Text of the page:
Some people consider themselves lucky, others do not. There’s a whole world of luck-related pop psych out there, some of it common sense, some of it less so. Google ‘lucky charms and amulets’ for that one.
Yet, research has shown that a lot of luck boils down to a series of attitudes in that lucky people tend to:
- Follow their intuition and explore their feelings. The old gut reaction wins here.
- Do not depend on routines and are open to variety and take chances
- Have a positivity about them, even when their luck is down. A broken leg is bad luck, but it’s a lot better than two broken legs…you get my drift.
The point is that unless you are prepared to open yourself up to luck, it’s unlikely to happen.
So how does that explain the colleague I have who somehow manages to win a raffle prize every single time he’s in the same room as me at some charity event? I’ve seen this happen time and again. Okay, I’ve never subjected it to statistical analysis, but out of the last 4 events, he’s won something at every one. And usually more than one prize. Is it possible that some people are simply born lucky? Or, on the other hand, born unlucky?
Thought processes such as these tend to occupy authors. I won’t pretend that this wasn’t part of the fertilizer that helped the germ of an idea grow into The 400Lb Gorilla, the blurb for which begins with , “Matt Danmore is unlucky. Smashed up in a car accident and told that his missing girlfriend is the figment of an addled brain. Fate must be having a damned good laugh.”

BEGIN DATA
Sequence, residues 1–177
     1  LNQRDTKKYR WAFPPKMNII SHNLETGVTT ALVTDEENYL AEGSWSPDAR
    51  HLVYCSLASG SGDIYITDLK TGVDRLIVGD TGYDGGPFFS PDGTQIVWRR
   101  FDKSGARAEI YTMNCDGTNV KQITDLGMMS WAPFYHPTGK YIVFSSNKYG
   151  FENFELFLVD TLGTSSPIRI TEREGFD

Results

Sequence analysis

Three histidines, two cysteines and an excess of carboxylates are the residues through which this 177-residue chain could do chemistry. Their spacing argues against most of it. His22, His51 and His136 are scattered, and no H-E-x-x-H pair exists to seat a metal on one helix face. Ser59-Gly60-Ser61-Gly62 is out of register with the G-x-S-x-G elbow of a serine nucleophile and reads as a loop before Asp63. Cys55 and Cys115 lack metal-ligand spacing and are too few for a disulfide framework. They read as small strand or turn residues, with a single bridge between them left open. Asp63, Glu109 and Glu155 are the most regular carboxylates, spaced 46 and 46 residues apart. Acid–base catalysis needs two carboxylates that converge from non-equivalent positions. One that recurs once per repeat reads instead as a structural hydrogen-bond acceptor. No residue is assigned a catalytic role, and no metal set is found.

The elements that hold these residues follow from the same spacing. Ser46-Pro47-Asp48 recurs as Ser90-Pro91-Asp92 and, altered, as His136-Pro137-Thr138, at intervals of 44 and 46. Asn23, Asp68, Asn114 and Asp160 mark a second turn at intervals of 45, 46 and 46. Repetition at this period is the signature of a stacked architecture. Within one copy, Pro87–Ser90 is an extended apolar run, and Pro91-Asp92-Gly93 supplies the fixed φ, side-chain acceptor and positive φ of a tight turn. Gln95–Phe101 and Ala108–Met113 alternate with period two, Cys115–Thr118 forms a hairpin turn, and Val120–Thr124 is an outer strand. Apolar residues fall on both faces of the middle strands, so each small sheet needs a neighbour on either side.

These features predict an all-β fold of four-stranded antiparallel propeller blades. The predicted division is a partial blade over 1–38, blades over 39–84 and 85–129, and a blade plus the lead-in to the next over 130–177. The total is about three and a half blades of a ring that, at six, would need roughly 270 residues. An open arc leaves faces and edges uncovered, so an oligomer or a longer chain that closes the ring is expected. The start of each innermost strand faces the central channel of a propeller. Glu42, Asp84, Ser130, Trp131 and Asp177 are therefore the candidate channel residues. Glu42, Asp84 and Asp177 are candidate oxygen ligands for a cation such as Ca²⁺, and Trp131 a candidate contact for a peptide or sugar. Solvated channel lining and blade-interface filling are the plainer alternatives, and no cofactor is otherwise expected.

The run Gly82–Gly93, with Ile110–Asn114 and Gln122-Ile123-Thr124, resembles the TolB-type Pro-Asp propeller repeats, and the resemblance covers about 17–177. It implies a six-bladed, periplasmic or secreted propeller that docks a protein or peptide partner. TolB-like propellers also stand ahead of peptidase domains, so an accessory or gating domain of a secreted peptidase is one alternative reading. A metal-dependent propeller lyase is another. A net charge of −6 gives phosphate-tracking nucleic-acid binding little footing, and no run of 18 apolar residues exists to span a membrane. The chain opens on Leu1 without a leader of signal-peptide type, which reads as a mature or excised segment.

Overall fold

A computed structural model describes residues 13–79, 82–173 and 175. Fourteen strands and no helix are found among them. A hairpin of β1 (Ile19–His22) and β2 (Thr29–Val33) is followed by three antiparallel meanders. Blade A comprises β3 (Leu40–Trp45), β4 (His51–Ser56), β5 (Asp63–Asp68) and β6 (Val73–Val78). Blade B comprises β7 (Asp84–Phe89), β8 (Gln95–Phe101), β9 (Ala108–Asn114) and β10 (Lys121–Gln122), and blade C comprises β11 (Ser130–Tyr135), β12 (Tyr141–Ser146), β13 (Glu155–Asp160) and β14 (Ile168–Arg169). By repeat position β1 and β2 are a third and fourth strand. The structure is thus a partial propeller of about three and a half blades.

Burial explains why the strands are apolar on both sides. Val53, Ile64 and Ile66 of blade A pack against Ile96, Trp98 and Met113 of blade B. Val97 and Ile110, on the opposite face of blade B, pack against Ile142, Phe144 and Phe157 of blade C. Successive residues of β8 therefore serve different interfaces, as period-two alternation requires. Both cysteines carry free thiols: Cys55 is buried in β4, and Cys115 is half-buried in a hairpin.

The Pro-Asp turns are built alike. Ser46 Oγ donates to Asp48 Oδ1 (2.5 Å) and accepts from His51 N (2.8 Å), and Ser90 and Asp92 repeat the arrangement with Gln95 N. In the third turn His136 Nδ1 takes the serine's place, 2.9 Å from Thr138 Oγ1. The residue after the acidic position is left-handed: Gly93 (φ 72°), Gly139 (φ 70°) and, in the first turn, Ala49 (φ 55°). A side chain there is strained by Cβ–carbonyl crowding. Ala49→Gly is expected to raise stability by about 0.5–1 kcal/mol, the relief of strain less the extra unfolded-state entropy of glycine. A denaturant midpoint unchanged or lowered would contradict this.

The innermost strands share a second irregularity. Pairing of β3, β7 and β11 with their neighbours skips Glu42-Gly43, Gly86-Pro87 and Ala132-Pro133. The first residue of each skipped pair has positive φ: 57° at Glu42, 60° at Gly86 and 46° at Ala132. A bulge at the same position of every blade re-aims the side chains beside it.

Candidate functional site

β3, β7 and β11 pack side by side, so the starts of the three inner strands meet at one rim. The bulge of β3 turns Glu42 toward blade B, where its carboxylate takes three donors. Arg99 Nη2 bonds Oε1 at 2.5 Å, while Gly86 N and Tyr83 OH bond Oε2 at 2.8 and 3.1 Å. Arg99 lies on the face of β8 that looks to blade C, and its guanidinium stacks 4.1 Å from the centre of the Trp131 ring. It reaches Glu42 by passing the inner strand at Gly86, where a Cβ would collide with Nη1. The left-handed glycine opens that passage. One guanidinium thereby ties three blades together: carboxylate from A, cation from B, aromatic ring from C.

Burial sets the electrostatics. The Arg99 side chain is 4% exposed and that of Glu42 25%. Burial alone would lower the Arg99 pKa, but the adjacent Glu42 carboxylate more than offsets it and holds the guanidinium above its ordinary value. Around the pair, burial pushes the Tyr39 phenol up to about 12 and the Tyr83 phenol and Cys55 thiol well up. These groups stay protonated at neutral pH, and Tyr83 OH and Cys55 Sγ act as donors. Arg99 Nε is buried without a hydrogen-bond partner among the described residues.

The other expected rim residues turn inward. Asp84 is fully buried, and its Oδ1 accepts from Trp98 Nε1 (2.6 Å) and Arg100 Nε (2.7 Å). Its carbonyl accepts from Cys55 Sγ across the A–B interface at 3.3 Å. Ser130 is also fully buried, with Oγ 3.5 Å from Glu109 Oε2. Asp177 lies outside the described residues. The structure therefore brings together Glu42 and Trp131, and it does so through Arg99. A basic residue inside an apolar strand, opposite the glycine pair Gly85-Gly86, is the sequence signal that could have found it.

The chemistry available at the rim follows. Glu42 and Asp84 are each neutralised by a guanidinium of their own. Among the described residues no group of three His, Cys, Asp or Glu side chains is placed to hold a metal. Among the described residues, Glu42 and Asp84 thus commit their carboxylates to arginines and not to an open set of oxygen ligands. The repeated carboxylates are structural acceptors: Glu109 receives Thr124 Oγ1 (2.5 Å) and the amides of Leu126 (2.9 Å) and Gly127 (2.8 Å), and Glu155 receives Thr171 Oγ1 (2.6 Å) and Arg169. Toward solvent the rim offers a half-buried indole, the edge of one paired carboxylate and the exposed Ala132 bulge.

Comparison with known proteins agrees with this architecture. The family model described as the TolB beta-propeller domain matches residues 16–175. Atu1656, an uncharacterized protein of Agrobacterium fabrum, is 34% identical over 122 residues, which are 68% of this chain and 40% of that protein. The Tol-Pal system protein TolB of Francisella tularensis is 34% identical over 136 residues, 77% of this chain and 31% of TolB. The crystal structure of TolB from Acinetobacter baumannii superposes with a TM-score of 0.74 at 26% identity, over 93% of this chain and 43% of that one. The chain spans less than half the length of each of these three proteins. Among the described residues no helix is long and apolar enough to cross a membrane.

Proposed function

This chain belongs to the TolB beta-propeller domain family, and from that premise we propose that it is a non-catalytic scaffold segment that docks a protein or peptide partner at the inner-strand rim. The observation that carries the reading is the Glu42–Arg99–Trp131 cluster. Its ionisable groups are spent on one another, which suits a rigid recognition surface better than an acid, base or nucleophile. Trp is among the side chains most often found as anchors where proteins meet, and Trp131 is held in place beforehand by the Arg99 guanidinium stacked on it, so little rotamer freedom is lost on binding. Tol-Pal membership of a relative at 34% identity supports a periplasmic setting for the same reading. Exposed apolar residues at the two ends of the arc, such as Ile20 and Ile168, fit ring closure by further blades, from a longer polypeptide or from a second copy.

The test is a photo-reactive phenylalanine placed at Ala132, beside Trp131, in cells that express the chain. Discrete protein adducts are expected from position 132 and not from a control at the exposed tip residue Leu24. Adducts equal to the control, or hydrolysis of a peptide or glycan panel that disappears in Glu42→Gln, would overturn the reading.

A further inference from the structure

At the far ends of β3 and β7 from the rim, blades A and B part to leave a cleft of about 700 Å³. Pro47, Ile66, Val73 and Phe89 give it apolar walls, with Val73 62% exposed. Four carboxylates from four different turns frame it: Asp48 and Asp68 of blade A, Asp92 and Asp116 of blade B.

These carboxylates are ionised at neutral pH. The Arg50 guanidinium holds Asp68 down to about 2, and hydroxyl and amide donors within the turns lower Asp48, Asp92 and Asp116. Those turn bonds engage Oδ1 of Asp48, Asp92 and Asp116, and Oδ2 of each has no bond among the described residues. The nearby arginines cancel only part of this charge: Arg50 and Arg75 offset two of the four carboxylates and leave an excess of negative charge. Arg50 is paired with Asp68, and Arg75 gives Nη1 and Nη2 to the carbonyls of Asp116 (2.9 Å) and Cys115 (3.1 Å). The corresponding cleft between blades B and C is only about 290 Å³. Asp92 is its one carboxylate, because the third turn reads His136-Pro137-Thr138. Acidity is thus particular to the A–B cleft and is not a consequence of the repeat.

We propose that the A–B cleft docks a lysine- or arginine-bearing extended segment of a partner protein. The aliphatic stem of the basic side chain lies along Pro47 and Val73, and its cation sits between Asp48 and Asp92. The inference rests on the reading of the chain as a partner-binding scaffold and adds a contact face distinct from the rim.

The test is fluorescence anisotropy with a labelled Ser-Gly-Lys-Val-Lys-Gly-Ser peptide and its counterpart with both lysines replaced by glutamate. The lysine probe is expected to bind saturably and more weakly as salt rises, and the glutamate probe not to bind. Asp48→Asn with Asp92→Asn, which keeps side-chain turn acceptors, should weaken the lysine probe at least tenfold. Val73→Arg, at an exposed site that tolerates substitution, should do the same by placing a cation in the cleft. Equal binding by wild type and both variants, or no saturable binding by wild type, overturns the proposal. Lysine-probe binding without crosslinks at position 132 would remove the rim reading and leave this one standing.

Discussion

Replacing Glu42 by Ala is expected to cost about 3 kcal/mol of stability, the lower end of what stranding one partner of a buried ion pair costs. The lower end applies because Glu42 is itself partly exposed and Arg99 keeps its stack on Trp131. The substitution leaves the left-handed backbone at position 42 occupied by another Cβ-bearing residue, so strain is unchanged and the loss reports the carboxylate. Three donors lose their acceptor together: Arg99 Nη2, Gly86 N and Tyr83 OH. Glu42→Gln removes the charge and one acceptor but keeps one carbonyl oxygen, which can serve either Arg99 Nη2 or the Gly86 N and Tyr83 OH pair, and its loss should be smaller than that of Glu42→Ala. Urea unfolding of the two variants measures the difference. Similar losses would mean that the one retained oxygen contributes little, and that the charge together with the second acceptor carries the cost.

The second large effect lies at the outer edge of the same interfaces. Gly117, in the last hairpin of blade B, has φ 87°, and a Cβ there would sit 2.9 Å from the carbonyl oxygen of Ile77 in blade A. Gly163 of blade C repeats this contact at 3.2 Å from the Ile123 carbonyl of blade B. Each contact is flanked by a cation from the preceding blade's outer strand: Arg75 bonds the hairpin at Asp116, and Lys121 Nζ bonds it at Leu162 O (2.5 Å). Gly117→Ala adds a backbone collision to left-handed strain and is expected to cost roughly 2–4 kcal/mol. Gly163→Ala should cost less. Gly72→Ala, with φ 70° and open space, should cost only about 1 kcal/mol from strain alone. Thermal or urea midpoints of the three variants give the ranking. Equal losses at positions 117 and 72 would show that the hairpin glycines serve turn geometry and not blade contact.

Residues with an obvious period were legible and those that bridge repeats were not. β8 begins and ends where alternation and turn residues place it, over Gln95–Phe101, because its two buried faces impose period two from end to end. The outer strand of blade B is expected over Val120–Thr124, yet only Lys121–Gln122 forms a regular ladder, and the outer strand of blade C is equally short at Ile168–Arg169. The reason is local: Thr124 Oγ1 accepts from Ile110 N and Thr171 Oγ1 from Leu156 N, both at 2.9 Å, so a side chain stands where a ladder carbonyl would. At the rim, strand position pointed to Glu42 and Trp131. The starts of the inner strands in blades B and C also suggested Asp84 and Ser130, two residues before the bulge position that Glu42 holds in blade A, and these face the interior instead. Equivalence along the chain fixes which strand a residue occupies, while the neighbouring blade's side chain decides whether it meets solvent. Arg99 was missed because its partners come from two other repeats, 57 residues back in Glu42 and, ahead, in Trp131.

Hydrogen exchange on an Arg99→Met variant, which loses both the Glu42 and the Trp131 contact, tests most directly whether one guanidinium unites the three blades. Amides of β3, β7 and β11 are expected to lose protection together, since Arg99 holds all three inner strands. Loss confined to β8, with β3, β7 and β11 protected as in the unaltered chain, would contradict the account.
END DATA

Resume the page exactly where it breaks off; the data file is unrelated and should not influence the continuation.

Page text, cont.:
So, was it luck that made me think about luck the day I thought up the idea? When discussions around generating ideas for writing come up, sentences like, ‘It isn’t a matter of luck” are used in order to quash the idea that authors somehow have a kind of magical gift. And yet, when the techniques for generating ideas are examined, some of them have distinct parallels with what we know about lucky people. For example, in a Writers Digest post about finding ‘Great writing Ideas’, the list includes:
- Mine your emotions–find the common link between you and other people who hate changing their passwords for example
- Follow alternative paths–try out a different route to work.
- Cultivate weirdos–strike up conversations with strangers (But be careful not to become that weirdo yourself!!)
But aren’t the last two exactly what research shows increases your chance of being lucky proactively? The point is that luck does play a part because the human mind is an idea generator, sparking off thoughts at the rate of…Yes, well, Google that one, too, and you’ll get all sorts of meaningless numbers. But it’s a lot. And are we even aware of how many thoughts and ideas we have every day? Of course not. Luckily, we have a data bank that stores them even when we aren’t looking.
That’s why you can wake up first thing in the morning with the answer to that nagging problem that’s been gnawing at you for weeks. Unlike your conscious mind that does the bare minimum and lets go of anything irrelevant, your subconscious keeps processing problems from the day it receives them to the day it gets an answer. Millions of thoughts processed day and night, even when you’re asleep.
So what has this to do with luck? The fact is that for most of us, luck is in effect a state of mind. An attitude to life. So it is possible to be luckier if you change your pattern of thinking and behaviour. That’s a given. So, come on, get weird.
Unless, of course, you believe that it is something else. Something that’s out there, unseen, waiting for you to plug into and control if you have the ability. In The 400Lb Gorilla, Matt Danmore has to come to terms with this idea. Except for him, the stakes are a bit higher than simply winning a raffle ticket. As it says on the cover;
Sometimes you have to make your own luck, or die trying.